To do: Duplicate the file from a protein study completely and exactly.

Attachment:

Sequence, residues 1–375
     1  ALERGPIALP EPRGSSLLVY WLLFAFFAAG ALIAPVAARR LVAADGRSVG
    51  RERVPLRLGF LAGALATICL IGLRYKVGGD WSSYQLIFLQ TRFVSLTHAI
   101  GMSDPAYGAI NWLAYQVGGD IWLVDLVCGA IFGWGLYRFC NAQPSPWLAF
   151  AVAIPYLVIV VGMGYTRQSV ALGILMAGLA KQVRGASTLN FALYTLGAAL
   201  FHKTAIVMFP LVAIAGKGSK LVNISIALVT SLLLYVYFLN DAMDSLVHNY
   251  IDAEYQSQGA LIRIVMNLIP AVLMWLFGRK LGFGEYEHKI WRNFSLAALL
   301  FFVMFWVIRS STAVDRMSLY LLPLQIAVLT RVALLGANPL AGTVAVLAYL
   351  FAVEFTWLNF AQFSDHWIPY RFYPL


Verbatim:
Sequence, residues 1–375
     1  ALERGPIALP EPRGSSLLVY WLLFAFFAAG ALIAPVAARR LVAADGRSVG
    51  RERVPLRLGF LAGALATICL IGLRYKVGGD WSSYQLIFLQ TRFVSLTHAI
   101  GMSDPAYGAI NWLAYQVGGD IWLVDLVCGA IFGWGLYRFC NAQPSPWLAF
   151  AVAIPYLVIV VGMGYTRQSV ALGILMAGLA KQVRGASTLN FALYTLGAAL
   201  FHKTAIVMFP LVAIAGKGSK LVNISIALVT SLLLYVYFLN DAMDSLVHNY
   251  IDAEYQSQGA LIRIVMNLIP AVLMWLFGRK LGFGEYEHKI WRNFSLAALL
   301  FFVMFWVIRS STAVDRMSLY LLPLQIAVLT RVALLGANPL AGTVAVLAYL
   351  FAVEFTWLNF AQFSDHWIPY RFYPL